Monday, November 30, 2009

Post 11 - The Failed Stoic

When you sit across the table staring at the face of death, how does your mind work?

It’s not very different from the usual human thought process in that it follows no logic or sequence. It’s, as always, a stream of consciousness, except that with the menacing presence eyeing you from across the table, there appears , in the substratum of your consciousness, a novel and composite feeling comprising fear, sadness, panic, loneliness, and perplexity born of ignorance of the “shores from which no traveler returns”.

It was a long wait in the lobby of Madras Medical Mission Hospital. Waiting for eight hours for confirmation of the deadly news is no fun. Among the thoughts that hobnobbed with each other during those long tense hours, were those related to a few Ph Ds!

Susheela was doing research with me. She is a brilliant person whose research got delayed because of her health problem, which she overcame determinedly and got back to business as soon as she could. She was in the process of submitting her draft, chapter by chapter. Sitting there in the lobby of MMM Hospital, I panicked thinking about her. Oh God! What will she do if I cease to be? Not that I am indispensable to her work, but the formalities of finding a new guide and getting registered could prove to be an endless and time consuming task. Poor girl, she didn’t deserve this delay for no fault of hers. I prayed hard and earnest that I could hang around till she submitted her work. The road ahead of me was certainly not the best for a research guide. I was well aware of the fall out of surgery, chemo and radiation. Yet I hoped and prayed with great pain and anxiety that Susheela could finish her work while I was still around to put my final signature on her thesis.

And then there were my children, both working on their PhDs in the US. There was nothing I was looking forward to more than seeing them complete their work and fulfill the dream they were pursuing, much against the common practice among young people of their age group who who had chosen the much traveled and therefore the safer path of professional education and were already in full employment. As a parent I needed to validate our support given to their choice of academics as their career. I also rather badly wanted to see them vindicate themselves in the choice they had made. Also, there was always that anxiety at the bottom of my heart to see the successful completion of the first imperative milestone in a career in academics.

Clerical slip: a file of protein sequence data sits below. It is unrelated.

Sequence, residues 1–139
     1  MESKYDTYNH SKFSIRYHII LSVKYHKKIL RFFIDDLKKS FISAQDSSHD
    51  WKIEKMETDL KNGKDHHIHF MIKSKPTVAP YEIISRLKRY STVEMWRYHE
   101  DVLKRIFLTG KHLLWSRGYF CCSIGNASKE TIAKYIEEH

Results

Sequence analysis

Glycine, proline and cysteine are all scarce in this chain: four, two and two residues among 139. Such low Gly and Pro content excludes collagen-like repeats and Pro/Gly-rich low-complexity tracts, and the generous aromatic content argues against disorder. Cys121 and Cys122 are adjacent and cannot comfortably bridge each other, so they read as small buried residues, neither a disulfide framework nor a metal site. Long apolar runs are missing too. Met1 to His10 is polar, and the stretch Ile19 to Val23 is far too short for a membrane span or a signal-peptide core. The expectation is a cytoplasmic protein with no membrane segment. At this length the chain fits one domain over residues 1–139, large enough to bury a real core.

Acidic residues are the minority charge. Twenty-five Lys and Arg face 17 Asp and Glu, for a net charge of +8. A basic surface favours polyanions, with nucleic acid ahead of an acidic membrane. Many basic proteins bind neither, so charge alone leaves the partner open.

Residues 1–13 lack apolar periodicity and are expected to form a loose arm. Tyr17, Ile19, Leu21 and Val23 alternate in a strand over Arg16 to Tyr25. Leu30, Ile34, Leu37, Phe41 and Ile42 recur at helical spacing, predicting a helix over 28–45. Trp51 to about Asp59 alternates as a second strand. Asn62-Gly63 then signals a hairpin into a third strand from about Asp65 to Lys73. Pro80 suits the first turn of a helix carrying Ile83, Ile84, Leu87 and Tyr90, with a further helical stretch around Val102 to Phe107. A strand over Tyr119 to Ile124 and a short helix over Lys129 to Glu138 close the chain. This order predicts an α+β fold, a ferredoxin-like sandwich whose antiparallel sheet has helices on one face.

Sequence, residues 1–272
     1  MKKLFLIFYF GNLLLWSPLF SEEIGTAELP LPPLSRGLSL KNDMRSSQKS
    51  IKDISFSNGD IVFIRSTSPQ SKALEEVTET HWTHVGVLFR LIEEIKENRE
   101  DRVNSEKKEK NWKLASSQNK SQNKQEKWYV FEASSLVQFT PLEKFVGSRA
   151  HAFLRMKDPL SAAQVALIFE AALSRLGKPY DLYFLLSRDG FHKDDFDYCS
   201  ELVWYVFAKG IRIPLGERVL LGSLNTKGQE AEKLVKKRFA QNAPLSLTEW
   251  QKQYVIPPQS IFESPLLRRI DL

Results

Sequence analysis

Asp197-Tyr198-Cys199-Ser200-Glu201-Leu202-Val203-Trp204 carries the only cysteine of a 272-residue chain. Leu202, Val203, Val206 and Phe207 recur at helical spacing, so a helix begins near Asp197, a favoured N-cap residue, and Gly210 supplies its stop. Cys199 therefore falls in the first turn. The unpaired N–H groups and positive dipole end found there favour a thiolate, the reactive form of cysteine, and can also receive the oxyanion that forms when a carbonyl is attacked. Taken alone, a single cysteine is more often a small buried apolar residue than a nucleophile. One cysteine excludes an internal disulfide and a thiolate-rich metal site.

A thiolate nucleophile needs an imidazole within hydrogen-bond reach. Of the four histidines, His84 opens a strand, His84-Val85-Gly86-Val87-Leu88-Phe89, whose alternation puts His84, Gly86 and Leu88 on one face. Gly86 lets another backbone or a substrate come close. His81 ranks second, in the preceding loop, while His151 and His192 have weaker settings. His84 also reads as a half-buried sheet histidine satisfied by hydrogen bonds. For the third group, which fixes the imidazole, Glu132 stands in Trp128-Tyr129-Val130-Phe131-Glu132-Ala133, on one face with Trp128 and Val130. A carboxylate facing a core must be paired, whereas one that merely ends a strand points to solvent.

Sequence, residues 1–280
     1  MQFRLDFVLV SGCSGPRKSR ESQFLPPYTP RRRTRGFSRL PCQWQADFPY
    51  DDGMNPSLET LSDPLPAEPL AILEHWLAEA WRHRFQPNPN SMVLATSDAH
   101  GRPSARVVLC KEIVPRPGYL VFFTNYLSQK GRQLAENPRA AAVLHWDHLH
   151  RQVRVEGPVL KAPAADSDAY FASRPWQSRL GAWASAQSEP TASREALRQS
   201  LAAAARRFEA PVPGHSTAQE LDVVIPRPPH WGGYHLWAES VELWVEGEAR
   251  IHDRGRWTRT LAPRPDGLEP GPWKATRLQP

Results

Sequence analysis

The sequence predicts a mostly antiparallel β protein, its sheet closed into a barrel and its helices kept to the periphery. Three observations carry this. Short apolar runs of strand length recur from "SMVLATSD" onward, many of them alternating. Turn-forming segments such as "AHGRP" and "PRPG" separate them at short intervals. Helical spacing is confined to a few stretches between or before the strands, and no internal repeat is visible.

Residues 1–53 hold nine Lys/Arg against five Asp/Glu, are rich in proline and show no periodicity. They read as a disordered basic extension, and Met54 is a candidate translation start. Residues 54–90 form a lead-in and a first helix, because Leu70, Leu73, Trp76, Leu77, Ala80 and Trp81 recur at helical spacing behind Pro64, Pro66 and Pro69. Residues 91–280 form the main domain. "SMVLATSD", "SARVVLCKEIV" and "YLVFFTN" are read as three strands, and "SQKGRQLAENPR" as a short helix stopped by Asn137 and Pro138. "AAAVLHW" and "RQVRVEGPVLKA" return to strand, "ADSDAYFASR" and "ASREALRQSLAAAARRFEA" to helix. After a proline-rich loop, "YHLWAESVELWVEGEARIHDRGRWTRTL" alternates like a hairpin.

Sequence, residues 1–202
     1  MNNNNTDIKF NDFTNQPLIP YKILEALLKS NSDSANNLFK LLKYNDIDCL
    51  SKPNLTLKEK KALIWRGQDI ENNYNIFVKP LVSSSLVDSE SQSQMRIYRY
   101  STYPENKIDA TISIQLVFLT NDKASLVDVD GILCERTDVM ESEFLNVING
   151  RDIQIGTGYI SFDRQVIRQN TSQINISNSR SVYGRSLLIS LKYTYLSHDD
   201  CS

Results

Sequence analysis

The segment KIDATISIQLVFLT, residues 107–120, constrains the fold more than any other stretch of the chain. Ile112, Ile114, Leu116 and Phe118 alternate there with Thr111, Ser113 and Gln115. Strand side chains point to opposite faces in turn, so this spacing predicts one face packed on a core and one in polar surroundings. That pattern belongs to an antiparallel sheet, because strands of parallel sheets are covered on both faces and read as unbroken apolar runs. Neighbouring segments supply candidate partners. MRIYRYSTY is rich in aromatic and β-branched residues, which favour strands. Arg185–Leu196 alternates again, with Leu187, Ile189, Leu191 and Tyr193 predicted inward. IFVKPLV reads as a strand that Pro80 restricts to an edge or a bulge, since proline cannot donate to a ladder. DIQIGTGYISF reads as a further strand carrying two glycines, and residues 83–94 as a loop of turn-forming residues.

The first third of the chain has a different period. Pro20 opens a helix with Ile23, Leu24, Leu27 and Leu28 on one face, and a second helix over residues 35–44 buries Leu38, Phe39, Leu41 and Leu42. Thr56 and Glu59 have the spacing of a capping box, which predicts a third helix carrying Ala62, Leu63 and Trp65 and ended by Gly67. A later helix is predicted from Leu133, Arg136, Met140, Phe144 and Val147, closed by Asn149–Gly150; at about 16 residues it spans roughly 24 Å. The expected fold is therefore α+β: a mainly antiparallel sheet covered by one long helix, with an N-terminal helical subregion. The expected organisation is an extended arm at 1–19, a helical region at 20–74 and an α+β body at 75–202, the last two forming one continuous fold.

Thinking about them, wondering if I’ll be around to see the D day was a terribly agonizing experience for me. Sitting in the lobby there, I prayed hard. God, please give me an extension till these three Ph Ds reach the finish mark.

This year, between April and August, all three got their Doctorates. And it looks like I’ll still go on for some more time.

God has been good to me.

But I keep wondering. Why do we think we are indispensable? Why do we pin so much happiness around ourselves and our dear ones?

Why do we humans want to cling on to responsibilities when it is none other than God himself who decides to relieve us of them? Why is it that we are so reluctant to let go of life?

I remember putting these questions to myself sitting there in MMM Hospital, waiting for my death warrant. I remember sighing to myself at the thought of the futility of all the training I had put myself through in developing a stoic attitude to life. Stoicism, I concluded, comes with some ease when the problems that confront us lie within the jurisdiction of life. But when they transgress into eternity, into the to be or not to be question where the choice, unlike in Hamlet’s case, is not in our hands, all the philosophical wisdom that we ever tried to convince ourselves and others of, returns to mock at our inability to walk the talk.

'Cos Life is too beautiful!